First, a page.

Pros : Accurate skin tones, Sharp, Medium Saturation, Easy to scan
Cons : Needs post processing to bring out contrast update
Best Uses : Difficult Lighting, Batch Workflow

Fall Is Dead Long Live Winter

Monday, November 08, 2010

Lomography 120 Film ISO 100 Is Shanghai GP3

Lomograph 120 Film ISO 100 Is Shanghai GP3

Last Saturday on a photo walk I found out that Toronto had an official Lomography store. Of course I had to check it out here's a place that you can buy a $40 Russian camera from Ebay or $300 in the store. Interesting stuff but way over priced except for this 3 pack of 120 black and white film that was going for$10 taxes in. The store manager said it was repackaged Chinese Shanghai GP3. Surprisingly I had wanted to try some because I had heard some good things about the film.

Made in Shanghai, CHINA,  for professional photography, practising photographing and developing.
  • The film is made by coating a panchromatic photographic emulsion on a polyester or triacetate film base.
  • It could be used both for professional and amateur photographers for all-purpose providing fine-grain at full tonal range.
  • Unit item weight:30 g
Suggested Developing time:
20C degree:

D76 stock - 8 minutes
D76 1:1 - 14 minutes
D23 12 minutes
Rodinal 1:50 15 minutes
D72 1:4 4 minutes 

Made by the SMPIC Photosensitive Materials Factory of Shanghai, an industry leader with more than 40 years of experience in making photographic materials. 
The parent company, SMPIC , was founded in 1973 and is currently joint venture partner in China with Polaroid and Fuji Xerox, making cameras and office machines, and is also a major producer of high-quality optical glass.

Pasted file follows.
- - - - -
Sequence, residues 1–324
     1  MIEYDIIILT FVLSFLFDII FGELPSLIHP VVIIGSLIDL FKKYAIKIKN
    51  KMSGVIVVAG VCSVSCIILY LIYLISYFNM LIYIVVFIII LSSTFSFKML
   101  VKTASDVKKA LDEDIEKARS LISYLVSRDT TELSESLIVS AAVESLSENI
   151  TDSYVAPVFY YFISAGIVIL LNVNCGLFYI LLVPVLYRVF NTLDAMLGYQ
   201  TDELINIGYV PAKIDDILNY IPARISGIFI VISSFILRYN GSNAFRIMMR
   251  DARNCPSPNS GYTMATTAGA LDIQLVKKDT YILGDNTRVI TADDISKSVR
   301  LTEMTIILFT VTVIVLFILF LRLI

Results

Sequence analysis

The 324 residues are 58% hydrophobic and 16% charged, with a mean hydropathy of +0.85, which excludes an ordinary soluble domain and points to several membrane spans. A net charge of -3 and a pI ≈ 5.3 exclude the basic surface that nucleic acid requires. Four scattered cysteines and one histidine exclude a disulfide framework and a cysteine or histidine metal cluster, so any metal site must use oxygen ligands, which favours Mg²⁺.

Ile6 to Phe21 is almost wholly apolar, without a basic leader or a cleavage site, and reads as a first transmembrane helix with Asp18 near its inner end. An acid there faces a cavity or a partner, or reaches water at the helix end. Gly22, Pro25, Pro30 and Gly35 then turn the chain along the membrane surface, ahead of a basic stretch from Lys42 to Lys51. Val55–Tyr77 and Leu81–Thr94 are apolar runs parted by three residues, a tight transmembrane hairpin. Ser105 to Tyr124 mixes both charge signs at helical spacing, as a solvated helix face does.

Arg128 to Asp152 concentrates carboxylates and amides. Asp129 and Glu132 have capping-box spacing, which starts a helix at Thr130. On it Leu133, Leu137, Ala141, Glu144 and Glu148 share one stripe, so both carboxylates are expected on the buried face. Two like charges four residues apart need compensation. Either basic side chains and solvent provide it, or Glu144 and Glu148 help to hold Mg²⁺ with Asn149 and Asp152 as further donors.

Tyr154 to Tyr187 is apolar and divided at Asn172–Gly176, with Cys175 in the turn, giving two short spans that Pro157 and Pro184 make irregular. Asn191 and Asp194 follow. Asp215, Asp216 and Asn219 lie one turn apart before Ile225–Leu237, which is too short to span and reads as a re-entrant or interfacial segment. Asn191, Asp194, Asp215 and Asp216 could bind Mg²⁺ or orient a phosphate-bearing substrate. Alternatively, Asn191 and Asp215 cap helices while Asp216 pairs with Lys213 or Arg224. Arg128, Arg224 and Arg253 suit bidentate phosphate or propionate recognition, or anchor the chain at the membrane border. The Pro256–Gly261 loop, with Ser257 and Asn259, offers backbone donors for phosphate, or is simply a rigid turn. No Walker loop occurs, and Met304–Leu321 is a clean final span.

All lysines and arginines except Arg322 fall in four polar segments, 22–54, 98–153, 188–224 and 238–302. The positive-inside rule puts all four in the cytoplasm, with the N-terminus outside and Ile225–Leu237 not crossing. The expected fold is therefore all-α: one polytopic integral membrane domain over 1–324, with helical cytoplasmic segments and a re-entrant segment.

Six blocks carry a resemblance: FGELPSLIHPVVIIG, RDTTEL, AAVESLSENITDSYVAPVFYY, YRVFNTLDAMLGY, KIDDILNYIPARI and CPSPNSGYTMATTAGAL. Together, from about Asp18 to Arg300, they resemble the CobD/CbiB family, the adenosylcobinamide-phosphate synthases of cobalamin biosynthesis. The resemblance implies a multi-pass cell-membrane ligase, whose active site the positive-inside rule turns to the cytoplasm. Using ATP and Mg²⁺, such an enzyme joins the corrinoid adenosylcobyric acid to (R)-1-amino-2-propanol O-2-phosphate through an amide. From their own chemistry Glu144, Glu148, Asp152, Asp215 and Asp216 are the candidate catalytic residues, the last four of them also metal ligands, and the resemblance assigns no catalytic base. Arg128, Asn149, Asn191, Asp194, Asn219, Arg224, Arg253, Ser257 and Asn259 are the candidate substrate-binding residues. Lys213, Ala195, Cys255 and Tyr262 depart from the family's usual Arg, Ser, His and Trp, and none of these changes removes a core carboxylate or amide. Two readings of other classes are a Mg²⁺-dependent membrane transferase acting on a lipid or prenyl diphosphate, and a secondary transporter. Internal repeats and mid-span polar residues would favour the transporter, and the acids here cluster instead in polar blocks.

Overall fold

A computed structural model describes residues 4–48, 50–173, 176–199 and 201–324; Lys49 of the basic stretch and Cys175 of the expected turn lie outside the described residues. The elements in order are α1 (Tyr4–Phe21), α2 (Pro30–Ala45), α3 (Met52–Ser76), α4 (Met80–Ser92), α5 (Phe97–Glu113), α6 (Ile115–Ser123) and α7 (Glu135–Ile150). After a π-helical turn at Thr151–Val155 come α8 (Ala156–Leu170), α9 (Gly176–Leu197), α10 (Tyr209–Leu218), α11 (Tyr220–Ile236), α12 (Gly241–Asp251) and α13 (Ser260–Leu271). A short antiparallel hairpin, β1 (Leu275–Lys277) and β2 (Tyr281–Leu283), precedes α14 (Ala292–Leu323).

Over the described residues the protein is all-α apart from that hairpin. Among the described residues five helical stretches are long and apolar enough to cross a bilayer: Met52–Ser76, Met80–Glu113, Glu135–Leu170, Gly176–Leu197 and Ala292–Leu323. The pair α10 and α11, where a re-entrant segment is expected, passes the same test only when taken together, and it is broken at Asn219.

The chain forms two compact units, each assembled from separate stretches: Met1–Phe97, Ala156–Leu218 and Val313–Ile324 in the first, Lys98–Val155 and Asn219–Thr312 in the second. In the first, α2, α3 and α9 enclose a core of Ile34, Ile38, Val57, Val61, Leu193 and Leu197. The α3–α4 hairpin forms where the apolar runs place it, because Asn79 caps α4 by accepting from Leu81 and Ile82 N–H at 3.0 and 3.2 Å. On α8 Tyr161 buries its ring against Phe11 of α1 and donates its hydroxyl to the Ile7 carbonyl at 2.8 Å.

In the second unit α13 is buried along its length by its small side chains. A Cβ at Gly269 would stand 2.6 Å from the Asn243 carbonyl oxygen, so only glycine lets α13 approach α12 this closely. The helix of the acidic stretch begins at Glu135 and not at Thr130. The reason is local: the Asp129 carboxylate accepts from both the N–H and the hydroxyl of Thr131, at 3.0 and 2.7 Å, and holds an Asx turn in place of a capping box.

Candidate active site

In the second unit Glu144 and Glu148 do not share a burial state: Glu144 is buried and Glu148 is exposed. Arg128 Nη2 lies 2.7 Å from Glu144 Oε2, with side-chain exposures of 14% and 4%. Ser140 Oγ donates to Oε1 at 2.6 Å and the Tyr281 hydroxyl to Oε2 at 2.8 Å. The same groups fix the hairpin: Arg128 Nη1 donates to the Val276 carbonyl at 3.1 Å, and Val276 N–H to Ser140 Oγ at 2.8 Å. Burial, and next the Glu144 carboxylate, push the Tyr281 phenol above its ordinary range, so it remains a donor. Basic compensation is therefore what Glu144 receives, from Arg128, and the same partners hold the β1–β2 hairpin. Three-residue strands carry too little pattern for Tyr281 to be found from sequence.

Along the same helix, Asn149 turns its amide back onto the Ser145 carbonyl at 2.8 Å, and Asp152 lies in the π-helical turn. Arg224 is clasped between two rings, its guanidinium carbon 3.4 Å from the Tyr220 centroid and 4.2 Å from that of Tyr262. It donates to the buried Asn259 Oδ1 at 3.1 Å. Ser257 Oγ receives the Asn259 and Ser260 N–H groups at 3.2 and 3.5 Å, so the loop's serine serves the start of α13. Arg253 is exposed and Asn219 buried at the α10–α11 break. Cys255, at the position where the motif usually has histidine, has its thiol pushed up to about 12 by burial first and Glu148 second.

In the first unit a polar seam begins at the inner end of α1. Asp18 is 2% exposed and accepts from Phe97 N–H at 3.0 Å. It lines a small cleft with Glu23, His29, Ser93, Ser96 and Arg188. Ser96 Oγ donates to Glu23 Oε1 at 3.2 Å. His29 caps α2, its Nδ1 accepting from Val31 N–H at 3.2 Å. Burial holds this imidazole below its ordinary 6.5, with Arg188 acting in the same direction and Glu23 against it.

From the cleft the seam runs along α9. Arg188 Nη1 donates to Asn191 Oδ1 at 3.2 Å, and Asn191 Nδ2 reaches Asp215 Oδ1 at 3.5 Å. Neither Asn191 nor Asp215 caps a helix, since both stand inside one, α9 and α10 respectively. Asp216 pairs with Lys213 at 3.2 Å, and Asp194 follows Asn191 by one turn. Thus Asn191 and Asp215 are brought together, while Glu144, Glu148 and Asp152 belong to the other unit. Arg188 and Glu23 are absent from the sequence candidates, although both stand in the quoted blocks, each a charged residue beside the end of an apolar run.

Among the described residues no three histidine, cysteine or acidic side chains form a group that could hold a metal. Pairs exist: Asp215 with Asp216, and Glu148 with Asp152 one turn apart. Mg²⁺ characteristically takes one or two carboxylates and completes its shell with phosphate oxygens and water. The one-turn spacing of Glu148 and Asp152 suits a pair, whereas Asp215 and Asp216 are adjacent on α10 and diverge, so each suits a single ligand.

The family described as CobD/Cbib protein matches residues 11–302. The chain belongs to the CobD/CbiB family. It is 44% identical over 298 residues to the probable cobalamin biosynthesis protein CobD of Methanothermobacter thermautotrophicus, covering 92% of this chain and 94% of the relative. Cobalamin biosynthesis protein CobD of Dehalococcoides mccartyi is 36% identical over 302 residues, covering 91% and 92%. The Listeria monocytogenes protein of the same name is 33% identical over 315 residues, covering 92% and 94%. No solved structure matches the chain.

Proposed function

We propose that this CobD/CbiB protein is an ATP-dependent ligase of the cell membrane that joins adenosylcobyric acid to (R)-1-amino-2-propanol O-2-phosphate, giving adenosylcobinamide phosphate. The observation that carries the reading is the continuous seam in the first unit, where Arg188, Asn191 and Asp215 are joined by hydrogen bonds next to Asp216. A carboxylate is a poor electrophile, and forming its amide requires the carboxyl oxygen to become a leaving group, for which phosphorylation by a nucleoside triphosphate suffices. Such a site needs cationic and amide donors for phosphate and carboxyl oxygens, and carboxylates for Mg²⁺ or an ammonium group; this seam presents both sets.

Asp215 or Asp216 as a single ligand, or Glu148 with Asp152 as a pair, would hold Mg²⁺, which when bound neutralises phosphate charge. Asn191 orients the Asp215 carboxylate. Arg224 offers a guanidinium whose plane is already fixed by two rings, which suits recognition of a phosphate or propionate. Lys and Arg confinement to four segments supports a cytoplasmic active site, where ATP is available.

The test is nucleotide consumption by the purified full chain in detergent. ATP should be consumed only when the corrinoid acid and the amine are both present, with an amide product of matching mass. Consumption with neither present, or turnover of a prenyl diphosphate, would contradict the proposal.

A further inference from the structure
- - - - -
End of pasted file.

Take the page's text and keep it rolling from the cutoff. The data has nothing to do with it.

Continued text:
SMPIC makes their photosensitive films to very high standards of quality, easily the equal of the major international brands. Each boxed roll is heat-sealed in a paper-plastic laminate high-barrier wrap, and can safely be stored in a refrigerator or freezer without worrying about moisture damage.
Definitely Shanghai GP3 because of the edge code of "SGPFF" It had a slight strange plastic smell when I was loading on to the developing reel. I haven't seen the punched hole near the end before. Also the sticky end of reel tape did not have any useful glue (make sure you carry an elastic band in your pocket), cheap backing paper with grey on black printing and a curl with enough springiness to act as leaf springs for a truck.

Walk In The Park
My first roll of Lomography/ Shanghai GP3 film.

This film is rated at Iso 100 and I shot the roll at 100 Developed 11 minutes in Agfa Refinal 19c this is a 2 stop push with no agitation after the first 20 seconds because the telephone rang and I forgot about the film. Except for  one shot with blown highlights they turned out OK. I suspect the film should be rated at ISO 60, Nice tonality not that sharp. Light to medium blue dye in the pre-soak water. The film curls badly but doesn't bow so it is still easy to scan. See previous photo for more details about the film.

My  second roll I developed  8 minutes at 19c agitated every minute or so. The result was much better tonality also better sharpness for some reason.

Swedish Underground
Rare find in Toronto a Volvo C202, C303, Laplander or Valp

My favourite out of the second roll the tint comes from my scanning method to pull out more from the negative.
Broken Bench In Fall

The third roll was developed with Xtol 1:2 plus Rodinal 1:112 for 14 minutes at 19c scanned using the same method as above.
Cold Winter Light

Unlike Kentmere films it is a useful budget film to have in the bag for a slightly retro look.Flickr slideshow of my shots using Shanghai GP3